Background: The currently accepted treatment paradigm of treating chronic rhinosinusitis (CRS) first with appropriate medical therapy (AMT) and then with surgery if patients are refractory to AMT, has been criticized for lack of evidence. The objective of this study was to reassess the literature and establish the highest level of evidence possible regarding further management of CRS patients refractory to AMT. Methods: This study was a systematic review (SR) with meta-analysis (MA). Adult CRS patients who received AMT and then underwent either medical or surgical therapy in moderate to high level prospective studies were included. Outcomes assessed were disease-specific quality of life (QOL), nasal endoscopy, health-state utility, missed work days, change in cardinal symptoms of CRS, economic impact, and adverse events. Results: A total of 970 manuscripts were identified; 6 studies were ultimately included in the SR with 5 included in the MA. Compared to continued medical therapy, endoscopic sinus surgery (ESS) significantly improved patient-based QOL scores (p < 0.00001) and nasal endoscopy scores (p < 0.00001). Difference in missed work days depended heavily on patient choice of intervention. Unpooled analysis showed improvements in olfaction, health utility scores, and cost-effectiveness. Conclusion: On meta-analysis, for CRS patients refractory to AMT, ESS significantly improves objective endoscopic scoring outcomes vs continued medical therapy alone. In patients with refractory CRS who have significant reductions in baseline QOL, ESS results in significant improvements. Continued medical therapy appears to maintain outcomes in patients with less severe baseline QOL. Unpooled analysis demonstrates improvement in health utility, olfaction, and cost-effectiveness following ESS compared to continued medical therapy alone, in medically refractory CRS.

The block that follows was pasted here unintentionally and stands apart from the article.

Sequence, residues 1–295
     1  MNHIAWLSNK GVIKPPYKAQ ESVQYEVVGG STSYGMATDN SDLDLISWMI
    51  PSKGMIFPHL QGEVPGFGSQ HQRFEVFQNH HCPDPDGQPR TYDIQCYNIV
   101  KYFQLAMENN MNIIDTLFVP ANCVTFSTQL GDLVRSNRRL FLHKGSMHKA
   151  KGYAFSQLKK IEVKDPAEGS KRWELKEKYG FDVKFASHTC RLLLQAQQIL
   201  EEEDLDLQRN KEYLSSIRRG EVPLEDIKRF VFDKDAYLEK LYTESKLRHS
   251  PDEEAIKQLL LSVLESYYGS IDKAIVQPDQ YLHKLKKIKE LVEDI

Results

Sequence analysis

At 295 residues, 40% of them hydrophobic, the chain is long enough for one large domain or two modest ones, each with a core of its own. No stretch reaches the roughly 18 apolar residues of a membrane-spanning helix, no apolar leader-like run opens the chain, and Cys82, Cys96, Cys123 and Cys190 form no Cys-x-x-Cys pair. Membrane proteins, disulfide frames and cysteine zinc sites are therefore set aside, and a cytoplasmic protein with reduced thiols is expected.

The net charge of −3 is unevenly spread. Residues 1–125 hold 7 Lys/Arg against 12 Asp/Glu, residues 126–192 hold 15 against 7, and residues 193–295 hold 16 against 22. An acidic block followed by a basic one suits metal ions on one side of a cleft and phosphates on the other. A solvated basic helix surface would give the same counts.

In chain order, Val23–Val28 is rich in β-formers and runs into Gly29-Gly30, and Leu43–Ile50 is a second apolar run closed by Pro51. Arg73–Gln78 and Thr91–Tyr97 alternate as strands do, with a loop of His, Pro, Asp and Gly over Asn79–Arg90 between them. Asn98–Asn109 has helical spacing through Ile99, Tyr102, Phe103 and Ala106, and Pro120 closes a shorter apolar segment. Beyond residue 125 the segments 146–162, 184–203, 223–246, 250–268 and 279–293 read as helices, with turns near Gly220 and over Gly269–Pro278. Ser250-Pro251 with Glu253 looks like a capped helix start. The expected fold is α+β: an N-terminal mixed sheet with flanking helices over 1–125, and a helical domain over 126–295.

|Original language||English (US)|
|Number of pages||9|
|Journal||International Forum of Allergy and Rhinology|
|State||Published - Feb 1 2017|
ASJC Scopus subject areas
- Immunology and Allergy